Amnesty International, the human rights watchdog, suggested that the tribunal was “politically selective” and that it should address the enormous number of other serious crimes committed in Lebanon in recent decades, especially during the 1975-1990 civil war. “The mandate is by far the narrowest of any tribunal of an international nature,” Amnesty said in a statement issued Friday.

Political bias has dogged the UN investigation since its inception. It is widely held that the UN investigation owes its existence to the interests of the U.S., which saw it as a useful tool to pressure Damascus into better behavior in Iraq, cease meddling in Lebanese affairs and to drop its backing for militant anti-Israel groups such as Lebanon’s Shi’ite Hizballah.

Even the probe’s closest supporters concede that if Israel had been the chief suspect in the Hariri murder, the investigation would never have existed.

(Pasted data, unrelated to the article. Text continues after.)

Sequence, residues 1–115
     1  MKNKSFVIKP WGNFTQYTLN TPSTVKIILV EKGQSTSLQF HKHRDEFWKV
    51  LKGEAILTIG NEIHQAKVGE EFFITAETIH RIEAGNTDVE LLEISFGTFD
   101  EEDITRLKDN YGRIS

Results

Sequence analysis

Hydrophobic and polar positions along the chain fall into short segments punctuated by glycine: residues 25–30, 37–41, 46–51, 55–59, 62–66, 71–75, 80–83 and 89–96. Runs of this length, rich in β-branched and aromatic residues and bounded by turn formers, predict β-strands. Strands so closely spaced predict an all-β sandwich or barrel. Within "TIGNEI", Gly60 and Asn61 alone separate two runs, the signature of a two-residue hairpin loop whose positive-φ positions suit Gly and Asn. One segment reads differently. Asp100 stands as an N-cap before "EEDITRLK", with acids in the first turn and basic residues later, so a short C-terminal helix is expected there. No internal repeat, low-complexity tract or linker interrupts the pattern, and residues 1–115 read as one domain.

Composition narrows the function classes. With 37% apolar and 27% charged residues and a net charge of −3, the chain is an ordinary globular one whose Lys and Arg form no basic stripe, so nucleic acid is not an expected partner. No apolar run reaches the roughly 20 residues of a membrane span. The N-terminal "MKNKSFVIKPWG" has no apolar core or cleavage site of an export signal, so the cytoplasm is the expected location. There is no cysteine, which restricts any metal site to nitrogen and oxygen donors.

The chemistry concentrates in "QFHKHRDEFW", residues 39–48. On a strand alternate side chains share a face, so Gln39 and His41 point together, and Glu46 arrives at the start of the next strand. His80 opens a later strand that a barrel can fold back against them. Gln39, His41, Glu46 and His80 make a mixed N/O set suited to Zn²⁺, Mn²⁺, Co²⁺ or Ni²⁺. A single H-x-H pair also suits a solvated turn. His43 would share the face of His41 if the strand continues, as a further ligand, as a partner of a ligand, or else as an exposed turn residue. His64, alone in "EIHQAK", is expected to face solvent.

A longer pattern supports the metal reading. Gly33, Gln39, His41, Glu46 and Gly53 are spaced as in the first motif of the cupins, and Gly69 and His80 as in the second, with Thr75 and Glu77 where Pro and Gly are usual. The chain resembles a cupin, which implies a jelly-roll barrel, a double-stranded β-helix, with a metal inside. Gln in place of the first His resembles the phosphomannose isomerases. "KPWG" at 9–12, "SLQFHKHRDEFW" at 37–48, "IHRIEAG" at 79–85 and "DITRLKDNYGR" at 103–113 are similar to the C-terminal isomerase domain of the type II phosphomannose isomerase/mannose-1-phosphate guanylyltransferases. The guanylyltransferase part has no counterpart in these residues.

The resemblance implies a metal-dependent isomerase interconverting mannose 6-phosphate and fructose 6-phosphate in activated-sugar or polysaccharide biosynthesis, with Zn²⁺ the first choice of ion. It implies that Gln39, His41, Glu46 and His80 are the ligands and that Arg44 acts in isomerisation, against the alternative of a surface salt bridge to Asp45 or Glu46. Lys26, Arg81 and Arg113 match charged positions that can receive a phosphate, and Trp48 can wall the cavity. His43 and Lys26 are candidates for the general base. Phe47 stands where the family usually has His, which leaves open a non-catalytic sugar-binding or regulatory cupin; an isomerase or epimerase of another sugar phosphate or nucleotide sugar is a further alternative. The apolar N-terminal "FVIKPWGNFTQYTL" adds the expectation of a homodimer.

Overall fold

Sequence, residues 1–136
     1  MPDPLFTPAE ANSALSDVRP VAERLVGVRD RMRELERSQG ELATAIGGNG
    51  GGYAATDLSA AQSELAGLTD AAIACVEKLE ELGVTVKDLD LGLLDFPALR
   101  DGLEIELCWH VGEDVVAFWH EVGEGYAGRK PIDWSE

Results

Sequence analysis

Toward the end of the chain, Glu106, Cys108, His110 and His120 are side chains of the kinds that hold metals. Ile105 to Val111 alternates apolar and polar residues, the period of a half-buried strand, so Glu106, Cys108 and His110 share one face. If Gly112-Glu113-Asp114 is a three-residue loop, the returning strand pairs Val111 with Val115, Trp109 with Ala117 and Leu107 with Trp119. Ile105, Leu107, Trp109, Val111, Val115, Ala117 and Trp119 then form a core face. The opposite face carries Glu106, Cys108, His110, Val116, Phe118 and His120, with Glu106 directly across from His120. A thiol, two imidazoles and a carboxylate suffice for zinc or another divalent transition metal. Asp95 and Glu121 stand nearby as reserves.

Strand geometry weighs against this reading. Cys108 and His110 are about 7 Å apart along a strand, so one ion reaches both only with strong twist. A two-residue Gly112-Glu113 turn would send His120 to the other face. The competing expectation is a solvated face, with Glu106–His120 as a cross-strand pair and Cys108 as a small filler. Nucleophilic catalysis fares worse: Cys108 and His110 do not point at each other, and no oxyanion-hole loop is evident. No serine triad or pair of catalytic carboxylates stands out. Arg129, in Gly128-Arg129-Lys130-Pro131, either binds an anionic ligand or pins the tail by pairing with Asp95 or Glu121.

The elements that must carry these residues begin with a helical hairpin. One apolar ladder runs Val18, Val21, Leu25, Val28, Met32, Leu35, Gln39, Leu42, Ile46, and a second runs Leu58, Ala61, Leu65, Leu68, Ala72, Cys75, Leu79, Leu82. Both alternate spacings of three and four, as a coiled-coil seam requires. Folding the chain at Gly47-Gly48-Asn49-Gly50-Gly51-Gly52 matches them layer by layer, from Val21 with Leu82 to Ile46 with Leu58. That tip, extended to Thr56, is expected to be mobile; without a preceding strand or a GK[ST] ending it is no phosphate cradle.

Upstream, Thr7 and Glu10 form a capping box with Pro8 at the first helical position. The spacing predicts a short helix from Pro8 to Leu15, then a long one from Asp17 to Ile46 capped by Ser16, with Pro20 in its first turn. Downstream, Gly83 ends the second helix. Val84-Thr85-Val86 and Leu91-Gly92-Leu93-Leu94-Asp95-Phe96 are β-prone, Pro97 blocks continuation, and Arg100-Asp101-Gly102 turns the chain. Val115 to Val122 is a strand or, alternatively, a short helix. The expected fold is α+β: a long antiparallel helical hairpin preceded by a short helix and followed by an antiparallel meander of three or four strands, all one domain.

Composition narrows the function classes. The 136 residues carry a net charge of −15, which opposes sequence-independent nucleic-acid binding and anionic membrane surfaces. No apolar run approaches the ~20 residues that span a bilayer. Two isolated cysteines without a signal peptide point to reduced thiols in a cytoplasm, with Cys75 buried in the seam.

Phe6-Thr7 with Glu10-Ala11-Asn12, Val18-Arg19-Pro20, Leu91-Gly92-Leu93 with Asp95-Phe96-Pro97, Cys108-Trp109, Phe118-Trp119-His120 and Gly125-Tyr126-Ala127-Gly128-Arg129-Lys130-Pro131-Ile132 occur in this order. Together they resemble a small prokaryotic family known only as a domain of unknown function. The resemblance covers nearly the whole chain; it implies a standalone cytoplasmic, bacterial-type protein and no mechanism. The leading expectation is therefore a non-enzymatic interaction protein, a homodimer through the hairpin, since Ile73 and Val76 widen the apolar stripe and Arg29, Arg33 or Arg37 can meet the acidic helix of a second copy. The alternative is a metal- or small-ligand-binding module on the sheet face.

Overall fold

Syria, however, has begun to emerge from its recent international isolation. On Friday, a senior State Department official met the Syrian ambassador to Washington, the first official contact in months. Washington also is considering appointing a new ambassador to Damascus. The previous ambassador was withdrawn in the wake of the Hariri assassination.

But a rapprochement with the West and the possibility of resumed peace talks with Israel could be derailed if the tribunal issues indictments for senior Syrian figures. Given the stakes, it is no surprise that suspicions have arisen of a deal being concocted in which the Syrian leadership is spared prosecution in exchange for progress on peace with Israel, loosening its close ties to Iran and an end to meddling in Lebanon.

The UN has established a committee to monitor interference in the judicial process and insists that the tribunal will remain impartial. In an open letter to the Lebanese, Bellemare said that he would “not be influenced by any political consideration.”

“Justice cannot and should not be used as a political tool,” he said. Reassuring words, perhaps, but many Lebanese continue to suspect that the cold realities of politics could trump the loftier cause of justice.